Welcome to Night Vale (WTNV) is a strange podcast, so it would make sense that the novel follows in a similar vein. Yet, the rambling narrative that created such a success for the podcast nearly sinks its written sibling, and needs a dedicated fan to enjoy the ramblings that give little-to-no explanation.
The book follows town residents Diane Crayton, single mother to a teen with morphing abilities, and Jackie Fierro, 19-year-old who has been that age for decades, as they deal with strange mysteries that have inched into their odd lives in the mysterious town. Eventually, the alternating stories collide, and they find themselves working together to solve these mysteries. Along with that, readers will find interjections from radio host Cecil, getting to learn more about show favourites like Old Woman Josie and the ravenous librarians, and explore the town in more depth.
The book shines through as an excellent world-building piece for the radio show. Many of the odd stories and quirks fans have come to love are explored on a much deeper level, and readers will find answers—although only a few—to many of the questions and mysteries about the little desert town.
Sadly, this world-building is what starts to bog down the book. Even fans might find it hard to pick out the plot as reference after reference is thrown at them. The flowing and rambling narrative that translates so well to audio at times is hard to pick through in written form at times, and readers might find themselves frustrated with the lack of knowledge in regards to a plot. Cecil’s interjections into the story, although strongly written and hilarious, divert too much attention from the actual storyline.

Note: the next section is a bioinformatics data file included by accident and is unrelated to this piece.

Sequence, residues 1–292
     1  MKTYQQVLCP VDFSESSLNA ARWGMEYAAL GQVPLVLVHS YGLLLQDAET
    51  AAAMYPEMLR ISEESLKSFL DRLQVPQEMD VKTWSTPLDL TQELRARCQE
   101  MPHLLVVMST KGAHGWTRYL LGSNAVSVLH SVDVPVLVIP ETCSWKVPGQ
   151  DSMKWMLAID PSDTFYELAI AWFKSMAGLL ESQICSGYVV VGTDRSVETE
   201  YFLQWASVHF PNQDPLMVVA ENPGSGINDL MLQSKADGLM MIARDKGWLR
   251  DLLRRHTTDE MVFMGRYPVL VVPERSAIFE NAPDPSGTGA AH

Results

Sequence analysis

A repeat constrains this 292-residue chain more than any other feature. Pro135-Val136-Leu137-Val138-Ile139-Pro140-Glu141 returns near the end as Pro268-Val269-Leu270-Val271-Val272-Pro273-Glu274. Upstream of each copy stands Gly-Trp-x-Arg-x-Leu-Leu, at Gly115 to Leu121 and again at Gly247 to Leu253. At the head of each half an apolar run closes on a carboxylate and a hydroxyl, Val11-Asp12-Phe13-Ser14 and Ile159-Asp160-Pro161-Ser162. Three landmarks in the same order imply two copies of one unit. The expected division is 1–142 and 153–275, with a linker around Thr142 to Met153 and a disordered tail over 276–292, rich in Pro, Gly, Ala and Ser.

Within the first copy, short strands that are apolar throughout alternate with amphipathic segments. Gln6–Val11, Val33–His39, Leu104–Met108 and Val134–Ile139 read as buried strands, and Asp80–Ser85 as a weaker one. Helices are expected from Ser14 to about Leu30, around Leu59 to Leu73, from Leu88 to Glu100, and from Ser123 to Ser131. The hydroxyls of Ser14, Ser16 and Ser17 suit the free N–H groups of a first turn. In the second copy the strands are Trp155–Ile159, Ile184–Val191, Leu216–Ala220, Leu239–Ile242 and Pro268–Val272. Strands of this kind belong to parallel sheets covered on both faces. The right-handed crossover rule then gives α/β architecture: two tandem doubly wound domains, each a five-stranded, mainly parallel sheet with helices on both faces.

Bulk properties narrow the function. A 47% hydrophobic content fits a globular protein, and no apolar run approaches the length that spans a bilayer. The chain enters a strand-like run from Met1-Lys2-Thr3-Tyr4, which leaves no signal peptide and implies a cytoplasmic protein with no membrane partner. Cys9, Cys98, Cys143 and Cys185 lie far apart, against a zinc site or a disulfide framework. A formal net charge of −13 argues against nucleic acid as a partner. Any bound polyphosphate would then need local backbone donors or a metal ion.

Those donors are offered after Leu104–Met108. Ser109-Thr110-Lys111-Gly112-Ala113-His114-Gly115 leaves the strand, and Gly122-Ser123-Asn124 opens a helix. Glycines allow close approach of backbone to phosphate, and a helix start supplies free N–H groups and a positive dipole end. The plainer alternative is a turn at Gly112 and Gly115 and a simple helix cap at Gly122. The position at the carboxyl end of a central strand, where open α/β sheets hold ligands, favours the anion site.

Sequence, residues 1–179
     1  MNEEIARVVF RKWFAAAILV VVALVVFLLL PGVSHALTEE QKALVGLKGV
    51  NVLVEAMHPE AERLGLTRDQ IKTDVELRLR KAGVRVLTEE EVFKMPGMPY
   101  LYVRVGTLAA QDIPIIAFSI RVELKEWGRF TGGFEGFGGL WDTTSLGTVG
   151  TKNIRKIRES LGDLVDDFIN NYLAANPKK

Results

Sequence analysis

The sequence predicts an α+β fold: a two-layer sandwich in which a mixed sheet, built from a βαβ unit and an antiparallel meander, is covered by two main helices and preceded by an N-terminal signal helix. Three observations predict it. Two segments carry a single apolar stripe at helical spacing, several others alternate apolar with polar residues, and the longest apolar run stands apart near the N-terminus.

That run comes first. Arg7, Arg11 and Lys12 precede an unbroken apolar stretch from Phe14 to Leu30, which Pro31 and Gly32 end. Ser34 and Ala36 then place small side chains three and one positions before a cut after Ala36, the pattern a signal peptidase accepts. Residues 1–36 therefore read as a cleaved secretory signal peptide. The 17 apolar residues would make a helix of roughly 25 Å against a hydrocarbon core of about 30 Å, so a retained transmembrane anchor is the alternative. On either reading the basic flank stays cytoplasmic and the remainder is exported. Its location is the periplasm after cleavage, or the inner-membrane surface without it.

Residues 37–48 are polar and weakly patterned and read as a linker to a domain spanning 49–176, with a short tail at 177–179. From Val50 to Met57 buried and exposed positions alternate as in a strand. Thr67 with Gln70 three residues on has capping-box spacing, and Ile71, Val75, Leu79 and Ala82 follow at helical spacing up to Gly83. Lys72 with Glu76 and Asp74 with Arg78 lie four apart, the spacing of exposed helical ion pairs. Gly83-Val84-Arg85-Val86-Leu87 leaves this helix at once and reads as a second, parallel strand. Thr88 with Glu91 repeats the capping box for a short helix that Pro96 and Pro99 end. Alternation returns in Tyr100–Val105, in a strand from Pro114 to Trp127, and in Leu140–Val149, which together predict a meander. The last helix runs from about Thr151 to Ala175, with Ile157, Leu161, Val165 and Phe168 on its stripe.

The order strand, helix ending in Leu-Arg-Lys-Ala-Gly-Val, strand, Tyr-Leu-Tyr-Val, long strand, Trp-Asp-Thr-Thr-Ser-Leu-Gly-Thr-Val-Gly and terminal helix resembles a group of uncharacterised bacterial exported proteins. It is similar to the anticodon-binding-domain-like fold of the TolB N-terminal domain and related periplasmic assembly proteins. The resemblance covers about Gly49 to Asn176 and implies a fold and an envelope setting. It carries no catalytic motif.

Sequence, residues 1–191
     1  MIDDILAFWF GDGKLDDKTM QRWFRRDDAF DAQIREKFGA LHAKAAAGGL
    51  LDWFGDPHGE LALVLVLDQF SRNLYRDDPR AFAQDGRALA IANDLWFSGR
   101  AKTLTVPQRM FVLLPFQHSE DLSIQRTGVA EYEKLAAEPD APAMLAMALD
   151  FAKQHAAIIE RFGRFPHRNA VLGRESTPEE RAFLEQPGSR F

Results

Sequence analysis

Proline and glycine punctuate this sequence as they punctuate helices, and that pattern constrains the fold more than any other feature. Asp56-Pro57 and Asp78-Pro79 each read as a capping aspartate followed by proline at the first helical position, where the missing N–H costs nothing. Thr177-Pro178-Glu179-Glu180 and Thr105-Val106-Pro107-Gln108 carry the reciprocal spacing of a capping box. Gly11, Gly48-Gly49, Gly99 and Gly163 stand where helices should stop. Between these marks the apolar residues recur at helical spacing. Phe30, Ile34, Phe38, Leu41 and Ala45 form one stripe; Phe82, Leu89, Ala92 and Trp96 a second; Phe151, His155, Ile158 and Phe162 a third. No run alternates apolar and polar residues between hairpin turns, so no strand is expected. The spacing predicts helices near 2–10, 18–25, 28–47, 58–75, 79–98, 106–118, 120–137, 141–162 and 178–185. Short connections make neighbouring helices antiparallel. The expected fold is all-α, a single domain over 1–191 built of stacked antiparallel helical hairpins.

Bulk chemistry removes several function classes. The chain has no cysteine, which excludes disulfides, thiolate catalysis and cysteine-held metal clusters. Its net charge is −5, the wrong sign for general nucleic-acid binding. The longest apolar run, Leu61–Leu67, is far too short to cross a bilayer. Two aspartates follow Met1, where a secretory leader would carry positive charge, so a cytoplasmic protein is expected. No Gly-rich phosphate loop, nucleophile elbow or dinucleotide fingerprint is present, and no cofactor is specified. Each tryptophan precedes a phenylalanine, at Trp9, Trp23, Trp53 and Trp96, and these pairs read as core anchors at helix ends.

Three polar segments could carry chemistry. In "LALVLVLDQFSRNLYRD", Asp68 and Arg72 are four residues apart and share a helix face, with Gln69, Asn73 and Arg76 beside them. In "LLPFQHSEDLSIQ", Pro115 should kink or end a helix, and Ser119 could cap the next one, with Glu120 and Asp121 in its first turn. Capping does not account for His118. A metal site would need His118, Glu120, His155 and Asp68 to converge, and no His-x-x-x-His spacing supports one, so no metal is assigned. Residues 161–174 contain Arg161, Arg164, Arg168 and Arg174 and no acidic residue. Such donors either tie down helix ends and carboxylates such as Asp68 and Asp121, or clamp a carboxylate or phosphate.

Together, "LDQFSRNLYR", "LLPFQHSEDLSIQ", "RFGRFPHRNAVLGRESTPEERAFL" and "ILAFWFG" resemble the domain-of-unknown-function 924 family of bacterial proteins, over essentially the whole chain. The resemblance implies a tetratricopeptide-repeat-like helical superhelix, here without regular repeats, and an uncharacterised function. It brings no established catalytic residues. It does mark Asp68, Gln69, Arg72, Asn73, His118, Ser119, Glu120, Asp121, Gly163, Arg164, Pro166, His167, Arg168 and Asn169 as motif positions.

It’s in the final third of the novel that everything starts to solidify and come together, and it starts to work. The tale becomes creepy, pushing the fear factor that the podcast can introduce, and will have the reader gripping tight with the lights on as the two characters fight to solve their now-intertwined mysteries.
Fans of the show will surely find some enjoyment in the novel, but WTNV virgins will likely become frustrated with the loose narration and constant references. It would be more enjoyable if writers Joseph Fink and Jeffrey Cranor had dispensed with large sections of the world-building. Their writing becomes sharp and powerful near the end when the focus does end up on the plot. Perhaps a sequel to the book will hold this element now that Fink and Cranor have worked through their world-building. It may be worth finding an audio copy of the novel so the well-loved audio narration can help readers/listeners with this particular Night Vale story.